Find Some New Recipes
It’s very likely that your current recipe inventory deviates significantly from a whole food, plant-based diet.
Sometimes it can be hard to find new recipes that suit your family’s tastes, but you should use this time to experiment with a variety of new recipes, foods, and flavors. You may even discover some new favorites!
Some of my favorite plant-based recipe resources are The Garden Grazer, Oh She Glows, and Hallelujah Diet. Some of the recipes from these sources aren’t 100% whole food, plant-based, but they’re awfully close.
You can also search for plant-based recipes on Google or Pinterest. Just remember to choose recipes that emphasize an abundance of plant foods in their whole or minimally processed forms.
Get Picky at the Grocery Store
When you’re shopping at the grocery store, be very selective of the packaged and premade foods you buy. Don’t buy anything without reading the ingredient list first.
Choose foods that
- Have a short ingredient list
- Contain real ingredients that you can pronounce
- Contain whole plant ingredients
Avoid and/or minimize foods that
- Have a long ingredient list
- Contain unnatural ingredients that you can’t pronounce or that you don’t know what they are
- Contain animal products (meat, dairy, eggs, lard) and/or refined ingredients (enriched flour, bleached flour, sugar, canola oil, etc.)
Plan Ahead When Eating Out
Eating out at restaurants can be a bit troublesome when you follow a plant-based diet. However, with a bit of planning, you’ll be able to stick to your new eating plan like a pro!
When eating out, choose restaurants that offer plenty of plant options. If you need something quick, try to find a Subway or other sandwich shop. You can typically customize your order to include lots of plants and exclude foods such as meat, cheese, and dairy-laden condiments.
If you find yourself at a dine-in restaurant, order from the “sides” section of the menu. Often, you’ll have plenty of vegetable options to choose from, and you may even see a wild rice option, depending on the restaurant.
If you’re visiting an up-and-coming area, a quick Google search may reveal some hidden vegan restaurants that you could visit, too.
Of course, when you dine out, you can’t control the ingredients that the cooks use to prepare your food. Those collard greens may have been cooked in a pot with a ham bone, and those green beans may have a bit of butter in them.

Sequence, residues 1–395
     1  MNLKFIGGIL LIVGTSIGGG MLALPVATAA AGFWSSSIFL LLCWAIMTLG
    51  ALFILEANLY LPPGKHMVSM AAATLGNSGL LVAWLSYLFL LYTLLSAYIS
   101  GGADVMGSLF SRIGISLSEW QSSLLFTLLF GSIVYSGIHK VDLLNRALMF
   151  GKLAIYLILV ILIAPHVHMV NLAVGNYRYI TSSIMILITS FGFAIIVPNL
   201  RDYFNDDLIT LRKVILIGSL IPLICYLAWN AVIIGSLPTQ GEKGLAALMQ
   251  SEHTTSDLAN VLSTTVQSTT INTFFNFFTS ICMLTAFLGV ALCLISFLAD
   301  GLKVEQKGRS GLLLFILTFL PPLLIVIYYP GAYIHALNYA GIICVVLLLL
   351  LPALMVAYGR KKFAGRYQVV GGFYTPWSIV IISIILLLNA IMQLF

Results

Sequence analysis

The truth is that you cannot be 100% certain that your food is 100% whole food, plant-based. And that’s okay.
Restaurants should be the exception rather than the rule, so make good food decisions when you cook at home and allow yourself a little bit of grace when you eat out.
Plan Ahead When Traveling
Traveling can also be a bit tricky. When you travel, you should keep in mind the restaurant tips I mentioned in the previous section.
Also, you can plan ahead and pack your own food! Travel-friendly, picnic-style foods are great to bring along in the car.
In fact, Josh and I usually pack our own food when we take day trips. Our go-to meal is Bistro Not-Tuna Salad from Hallelujah Diet on Triscuit crackers. We also bring carrot sticks, hummus, pickles, and fruit to round out our plant-based travel menu.
Other Tips to Help You Go Plant-based
- Don’t let money deter you. We actually find that eating plant-based is a whole lot cheaper than eating a normal diet! That’s because animal products and premade foods are way more expensive than plant foods.
- Discount grocery stores such as Aldi and Lidl are your best friend. It’s much more affordable to eat whole plant foods when you buy them from discount grocery stores.
- Get your family involved with everything from learning about a whole food, plant-based diet to choosing new recipes to cooking plant-based meals. They’re much more likely to get on board when they feel included.
- Cook most of your meals yourself. You can control the ingredients AND save money when you cook at home.
- Take one 5000 mcg sublingual (dissolves under the tongue) vitamin B12 supplement once per week to make sure you get this important brain vitamin.
- Take one 5000 IU vitamin D3 supplement every day if you don’t spend enough time in the sunshine to get this vitamin the old-fashioned way. (and if you’re like most Americans, you probably don’t get enough sunshine.)
Final Thoughts on How to Start a Plant-Based Diet
So now you know how to start a plant-based diet! All you have to do is read up on the subject, determine your “why,” adjust your mindset, find new recipes, get picky at the grocery store, and plan ahead when eating out or traveling!
See? It really isn’t that hard to start a whole food, plant-based diet. And truthfully, the health benefits are well worth the effort.
Before you do anything else, be sure to check out those two books I mentioned earlier, The China Study and Zero to Plant-Based. Those are excellent resources that you can refer back to over and over again as you progress through your plant-based journey.
Other Healthy Living ARticles You May Enjoy
- 15 Must-Have Kitchen Items Every Plant-Based Kitchen Needs
- How to Afford a Healthy Lifestyle on a Budget
- 12 Healthy Habits You Can Start Today
- 3 Simple Ways to Live a Healthy Lifestyle
- How Being Healthy Saves You Money: A Personal Case Study
What about you? Are you thinking about starting a whole food, plant-based diet?